What happened if both parties died? This was not uncommon, and threw the whole process into doubt. Some surviving miracle stories also demonstrate an awareness that trial by combat did not always yield the correct result. In 1208, Saint William of York apparently worked a miracle to restore the eyes and testicles of a man who had been unjustly accused, and castrated and blinded during his trial by combat.
Part of the anxiety about judicial combat came from a growing rationalisation. The English legist Ranulph de Glanville wrote around 1190 that “the legal institution [of trial by jury] is based above all on equity. Justice, which is seldom arrived at by battle even after many and long delays, is more easily and quickly attained by its use.”
As legal mechanisms became ever more sophisticated and political power more institutionalised, judicial combat came to look increasingly out of place, not least because it potentially undermined royal authority.
The church was also increasingly concerned about the implications of trial by combat. Already in the ninth century, Pope Nicholas I had worried that these trials essentially “tempted God”, which was blasphemous. Churchmen at the Fourth Lateran Council of 1215 – a key moment in the growing legalisation of the institutional church – expressed grave concerns about the ordeal, and the church drew back from overseeing the ritual of ordeals. Some of this concern came from a growing legalisation; some of it from sophisticated theological arguments put forward by figures like Peter the Chanter at the University of Paris.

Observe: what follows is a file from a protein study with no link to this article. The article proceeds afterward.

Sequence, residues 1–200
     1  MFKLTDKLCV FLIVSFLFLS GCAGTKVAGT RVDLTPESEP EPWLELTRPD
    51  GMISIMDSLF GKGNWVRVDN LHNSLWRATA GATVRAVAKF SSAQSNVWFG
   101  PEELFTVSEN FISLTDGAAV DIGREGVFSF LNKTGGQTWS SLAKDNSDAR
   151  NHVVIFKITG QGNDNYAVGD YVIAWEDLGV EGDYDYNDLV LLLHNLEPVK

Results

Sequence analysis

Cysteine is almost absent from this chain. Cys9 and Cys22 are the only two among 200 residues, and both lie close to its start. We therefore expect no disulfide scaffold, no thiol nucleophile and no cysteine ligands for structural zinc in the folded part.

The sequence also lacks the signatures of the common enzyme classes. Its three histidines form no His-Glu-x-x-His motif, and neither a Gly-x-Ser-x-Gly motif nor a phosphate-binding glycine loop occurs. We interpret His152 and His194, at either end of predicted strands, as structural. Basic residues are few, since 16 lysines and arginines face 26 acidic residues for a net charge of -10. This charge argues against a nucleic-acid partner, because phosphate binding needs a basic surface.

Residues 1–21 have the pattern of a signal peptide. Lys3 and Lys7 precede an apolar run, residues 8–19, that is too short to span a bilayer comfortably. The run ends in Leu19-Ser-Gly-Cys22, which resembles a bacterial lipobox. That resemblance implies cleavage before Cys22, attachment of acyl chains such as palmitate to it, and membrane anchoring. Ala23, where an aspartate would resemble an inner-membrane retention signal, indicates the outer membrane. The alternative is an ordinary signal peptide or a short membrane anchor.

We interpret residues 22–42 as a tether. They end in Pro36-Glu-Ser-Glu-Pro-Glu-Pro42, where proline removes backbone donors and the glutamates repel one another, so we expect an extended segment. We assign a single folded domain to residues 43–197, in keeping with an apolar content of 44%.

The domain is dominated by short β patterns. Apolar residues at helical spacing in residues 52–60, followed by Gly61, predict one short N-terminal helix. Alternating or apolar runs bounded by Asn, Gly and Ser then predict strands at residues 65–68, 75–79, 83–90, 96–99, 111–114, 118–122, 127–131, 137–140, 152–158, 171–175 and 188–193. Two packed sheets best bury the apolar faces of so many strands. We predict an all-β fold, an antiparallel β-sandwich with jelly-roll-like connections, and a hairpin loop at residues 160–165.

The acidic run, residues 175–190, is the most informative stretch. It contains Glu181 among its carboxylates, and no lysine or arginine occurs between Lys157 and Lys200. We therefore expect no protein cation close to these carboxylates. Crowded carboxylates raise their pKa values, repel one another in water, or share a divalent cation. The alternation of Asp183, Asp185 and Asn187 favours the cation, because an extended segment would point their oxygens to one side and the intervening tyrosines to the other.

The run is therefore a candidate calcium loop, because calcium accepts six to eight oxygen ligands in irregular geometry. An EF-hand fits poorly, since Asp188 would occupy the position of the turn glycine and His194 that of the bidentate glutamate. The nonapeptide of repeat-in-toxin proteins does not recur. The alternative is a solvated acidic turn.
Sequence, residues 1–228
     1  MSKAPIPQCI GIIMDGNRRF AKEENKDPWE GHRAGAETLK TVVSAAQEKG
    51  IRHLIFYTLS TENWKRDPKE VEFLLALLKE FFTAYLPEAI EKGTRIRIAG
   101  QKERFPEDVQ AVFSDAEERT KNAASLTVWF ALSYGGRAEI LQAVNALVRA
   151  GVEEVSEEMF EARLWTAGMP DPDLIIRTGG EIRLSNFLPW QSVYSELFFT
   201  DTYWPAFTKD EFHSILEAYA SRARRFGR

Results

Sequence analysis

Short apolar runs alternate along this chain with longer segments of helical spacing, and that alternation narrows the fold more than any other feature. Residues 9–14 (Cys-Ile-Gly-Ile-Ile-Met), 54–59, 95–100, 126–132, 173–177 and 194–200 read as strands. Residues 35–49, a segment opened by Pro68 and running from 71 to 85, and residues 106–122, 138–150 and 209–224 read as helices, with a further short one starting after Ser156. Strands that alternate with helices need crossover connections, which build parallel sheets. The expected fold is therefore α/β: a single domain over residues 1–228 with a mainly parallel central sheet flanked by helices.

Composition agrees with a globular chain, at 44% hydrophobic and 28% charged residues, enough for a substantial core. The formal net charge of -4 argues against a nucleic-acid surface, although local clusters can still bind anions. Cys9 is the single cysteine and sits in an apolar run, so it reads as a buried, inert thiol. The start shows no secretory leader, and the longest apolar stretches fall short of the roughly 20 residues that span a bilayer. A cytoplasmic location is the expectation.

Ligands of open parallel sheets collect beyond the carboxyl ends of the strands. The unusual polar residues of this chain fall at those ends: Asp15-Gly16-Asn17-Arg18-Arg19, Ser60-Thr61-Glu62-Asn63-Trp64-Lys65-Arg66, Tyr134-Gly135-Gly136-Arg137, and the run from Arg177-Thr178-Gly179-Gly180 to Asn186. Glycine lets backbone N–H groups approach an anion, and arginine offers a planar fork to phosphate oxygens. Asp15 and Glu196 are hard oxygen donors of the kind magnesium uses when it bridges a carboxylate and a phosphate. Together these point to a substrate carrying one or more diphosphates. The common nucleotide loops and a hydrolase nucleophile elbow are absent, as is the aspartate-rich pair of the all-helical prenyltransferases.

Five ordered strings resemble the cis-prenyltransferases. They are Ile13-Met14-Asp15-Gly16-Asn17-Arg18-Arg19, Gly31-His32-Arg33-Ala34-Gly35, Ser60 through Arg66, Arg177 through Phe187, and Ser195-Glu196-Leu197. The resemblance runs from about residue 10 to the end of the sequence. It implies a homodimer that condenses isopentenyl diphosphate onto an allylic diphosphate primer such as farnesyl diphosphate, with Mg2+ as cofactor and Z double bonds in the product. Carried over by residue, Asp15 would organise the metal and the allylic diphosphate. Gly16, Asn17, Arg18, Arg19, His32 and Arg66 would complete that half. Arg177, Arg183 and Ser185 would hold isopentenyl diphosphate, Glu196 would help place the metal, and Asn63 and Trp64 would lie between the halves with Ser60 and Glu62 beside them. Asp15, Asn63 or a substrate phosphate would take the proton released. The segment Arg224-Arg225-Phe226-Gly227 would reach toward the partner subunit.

These kinds of anxieties were expressed more amusingly, but equally importantly, in literature. The 12th-century story of Tristan and Isolde demolished the whole logic of the ordeal, albeit not judicial combat precisely. Isolda, needing to demonstrate that she was not an adulteress, dressed Tristan up as a leper and had him carry her across a bog on her shoulders. She was then able to swear on holy relics that she had never had any man between her legs except Tristan. For this kind of story to work and to entertain, audiences must have felt a degree of scepticism about the whole idea of judicium Dei.
The Renart stories, wildly popular throughout the later Middle Ages, told of a wicked little fox who played vicious pranks on all his friends, thieving, brutalising and even raping the wife of his best friend. In one story, he is challenged to a trial by combat by this very friend, Isengrin the Wolf. The fight is bitter, and Renart is castrated and blinded, but springs back to life with a flourish to continue his vile exploits. Audiences here, from court to monastery, were able to laugh at the inconclusiveness of the duel.
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Anxiety about judicial combat produced a series of decrees limiting the practice. Louis VII of France (reigned 1137–80), and his successors Louis VIII and Philip Augustus, all issued edicts restricting the use of duels, particularly with regard to men who wanted to prove their free status. In 1258, Louis IX, a king responsible for numerous judicial reforms, banned judicial combat altogether.